Tragedy Writ Small and Large

The Jaguar’s Children, by John Vaillant, (Houghton Mifflin Harcourt), 288 pages, release date January 27, 2015

John Vaillant’s The Jaguar’s Children is an essential, remarkable read. This is a novel about migration, cultural loss (and retention), and the impact of big agriculture and its use of genetic engineering.

The narrator has traveled from Oaxaca to the U.S. border. He and another dozen or so hopeful immigrants have paid to be welded into an empty water truck to travel across the border. The remaining opening in the tank is a hole small enough to pump out the water (if there were any), but much too small for a person to pass through. Who would expect a tanker without access to be carrying a human cargo?

Disaster hits when the truck breaks down just north of the border. The two coyotes driving it abandon their human cargo—but only after demanding additional money, which they claim will be used to pay a mechanic. There is no mechanic; there is no exit. During the desert days the walls of the tank become too hot to touch; during the nights temperatures plummet.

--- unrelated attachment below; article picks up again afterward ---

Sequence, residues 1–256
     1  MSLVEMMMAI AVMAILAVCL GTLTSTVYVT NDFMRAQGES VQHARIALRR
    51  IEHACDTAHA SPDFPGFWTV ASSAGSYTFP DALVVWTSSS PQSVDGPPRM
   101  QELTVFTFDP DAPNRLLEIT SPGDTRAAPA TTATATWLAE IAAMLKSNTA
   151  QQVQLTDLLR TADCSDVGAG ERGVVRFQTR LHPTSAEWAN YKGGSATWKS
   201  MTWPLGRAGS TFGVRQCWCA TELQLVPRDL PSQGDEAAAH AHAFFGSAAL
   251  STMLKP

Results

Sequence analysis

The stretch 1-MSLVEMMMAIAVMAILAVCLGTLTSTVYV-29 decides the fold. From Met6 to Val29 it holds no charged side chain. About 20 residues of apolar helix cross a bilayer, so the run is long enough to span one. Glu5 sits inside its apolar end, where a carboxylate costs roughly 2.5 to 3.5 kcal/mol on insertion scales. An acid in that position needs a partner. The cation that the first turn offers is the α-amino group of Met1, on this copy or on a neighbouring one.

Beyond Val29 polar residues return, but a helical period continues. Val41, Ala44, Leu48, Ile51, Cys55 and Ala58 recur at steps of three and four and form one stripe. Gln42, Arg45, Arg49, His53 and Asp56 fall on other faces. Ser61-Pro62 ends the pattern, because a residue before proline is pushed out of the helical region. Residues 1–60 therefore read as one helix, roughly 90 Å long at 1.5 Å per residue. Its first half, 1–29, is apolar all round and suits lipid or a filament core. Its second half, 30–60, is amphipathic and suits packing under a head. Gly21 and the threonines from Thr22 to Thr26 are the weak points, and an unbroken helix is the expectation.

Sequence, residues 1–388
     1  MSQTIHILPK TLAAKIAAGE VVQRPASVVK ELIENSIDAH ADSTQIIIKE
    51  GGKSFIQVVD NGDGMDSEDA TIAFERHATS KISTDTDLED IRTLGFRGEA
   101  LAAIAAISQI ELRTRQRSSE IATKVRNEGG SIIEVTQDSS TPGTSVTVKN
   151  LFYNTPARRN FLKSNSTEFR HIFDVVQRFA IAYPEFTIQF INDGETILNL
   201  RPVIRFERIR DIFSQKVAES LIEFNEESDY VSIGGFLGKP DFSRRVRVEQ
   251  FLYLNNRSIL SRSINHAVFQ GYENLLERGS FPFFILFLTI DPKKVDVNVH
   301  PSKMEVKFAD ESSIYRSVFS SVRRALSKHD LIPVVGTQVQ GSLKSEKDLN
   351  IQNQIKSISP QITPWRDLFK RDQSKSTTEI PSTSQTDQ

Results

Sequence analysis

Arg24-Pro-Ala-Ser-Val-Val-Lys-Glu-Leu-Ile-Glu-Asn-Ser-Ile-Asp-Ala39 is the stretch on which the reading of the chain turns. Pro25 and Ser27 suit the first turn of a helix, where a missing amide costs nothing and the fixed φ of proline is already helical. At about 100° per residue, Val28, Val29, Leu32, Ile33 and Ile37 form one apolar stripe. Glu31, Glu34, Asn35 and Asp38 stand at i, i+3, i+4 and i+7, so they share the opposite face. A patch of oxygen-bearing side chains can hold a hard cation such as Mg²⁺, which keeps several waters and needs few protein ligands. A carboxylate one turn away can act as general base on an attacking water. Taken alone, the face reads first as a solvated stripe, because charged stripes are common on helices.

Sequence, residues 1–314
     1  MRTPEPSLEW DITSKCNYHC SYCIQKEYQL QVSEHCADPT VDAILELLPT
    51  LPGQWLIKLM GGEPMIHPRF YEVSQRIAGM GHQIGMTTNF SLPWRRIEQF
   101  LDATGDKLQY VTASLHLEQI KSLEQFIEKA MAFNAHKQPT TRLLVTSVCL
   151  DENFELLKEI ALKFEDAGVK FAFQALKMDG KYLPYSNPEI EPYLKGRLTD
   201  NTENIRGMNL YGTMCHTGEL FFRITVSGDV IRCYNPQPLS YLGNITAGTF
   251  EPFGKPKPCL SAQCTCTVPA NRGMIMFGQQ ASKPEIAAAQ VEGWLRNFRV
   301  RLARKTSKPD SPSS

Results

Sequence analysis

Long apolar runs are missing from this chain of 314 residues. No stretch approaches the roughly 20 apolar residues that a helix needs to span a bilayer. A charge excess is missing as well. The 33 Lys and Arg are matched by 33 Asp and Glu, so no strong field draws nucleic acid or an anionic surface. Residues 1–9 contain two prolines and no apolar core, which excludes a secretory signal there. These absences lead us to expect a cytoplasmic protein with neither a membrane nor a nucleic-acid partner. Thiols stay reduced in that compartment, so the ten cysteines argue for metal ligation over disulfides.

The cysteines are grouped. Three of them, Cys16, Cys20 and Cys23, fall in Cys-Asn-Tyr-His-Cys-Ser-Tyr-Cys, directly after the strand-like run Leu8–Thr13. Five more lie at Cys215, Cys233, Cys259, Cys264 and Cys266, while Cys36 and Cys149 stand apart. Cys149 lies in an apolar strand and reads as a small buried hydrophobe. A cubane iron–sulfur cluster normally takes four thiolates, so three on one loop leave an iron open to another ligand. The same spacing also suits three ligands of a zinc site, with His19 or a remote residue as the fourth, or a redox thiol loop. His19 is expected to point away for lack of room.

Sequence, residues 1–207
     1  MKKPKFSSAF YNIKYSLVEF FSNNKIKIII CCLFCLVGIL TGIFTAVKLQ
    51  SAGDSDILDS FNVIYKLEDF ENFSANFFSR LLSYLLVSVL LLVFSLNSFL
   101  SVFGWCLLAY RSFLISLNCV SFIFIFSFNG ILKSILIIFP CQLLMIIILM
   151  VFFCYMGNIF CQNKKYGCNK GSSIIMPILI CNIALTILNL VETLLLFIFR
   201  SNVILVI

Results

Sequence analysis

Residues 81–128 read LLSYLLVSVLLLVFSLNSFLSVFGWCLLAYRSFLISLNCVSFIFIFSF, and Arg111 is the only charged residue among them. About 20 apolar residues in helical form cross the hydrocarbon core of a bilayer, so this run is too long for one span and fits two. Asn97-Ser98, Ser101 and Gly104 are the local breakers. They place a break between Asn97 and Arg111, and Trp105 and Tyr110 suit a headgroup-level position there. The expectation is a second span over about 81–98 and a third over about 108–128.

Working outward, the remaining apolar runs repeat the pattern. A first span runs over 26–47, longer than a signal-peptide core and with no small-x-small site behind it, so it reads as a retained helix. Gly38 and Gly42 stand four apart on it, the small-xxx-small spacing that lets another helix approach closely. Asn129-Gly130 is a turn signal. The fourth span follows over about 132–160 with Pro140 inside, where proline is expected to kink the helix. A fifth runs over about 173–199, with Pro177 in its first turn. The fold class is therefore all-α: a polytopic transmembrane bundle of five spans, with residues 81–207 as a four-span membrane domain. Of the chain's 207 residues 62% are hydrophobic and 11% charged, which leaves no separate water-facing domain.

If this sounds like a bleak situation, it is—bleak and all too real. The last few years have seen death rates for migrants ranging from 477 in 2012 to 307 in 2014 (according to AP reports).

The immigrants’ phones have little reception and are losing power. The narrator, Tito, is unable to telephone out and records his life story in a series of audio and text messages he is unable to send. Tito describes the miserable conditions in the tanker. He shares many of the stories his grandfather told—of the old ways in Oaxaca and his work on a series of archaeological digs in the years before World War II.  He also tells a tale of the impending crisis facing small farmers in Oaxaca as genetically modified corn strains contaminate the local crops.

Vaillant succeeds in weaving these different narratives together to create a novel that is both disturbing and beautiful. He avoids polemic; he avoids discontinuity; and, remarkably, he avoids bathos. This is a book that compels readers both because of and despite the sense of menace hanging over it. The Jaguar’s Children deserves to be widely read both for its success as a novel and for the issues it raises.

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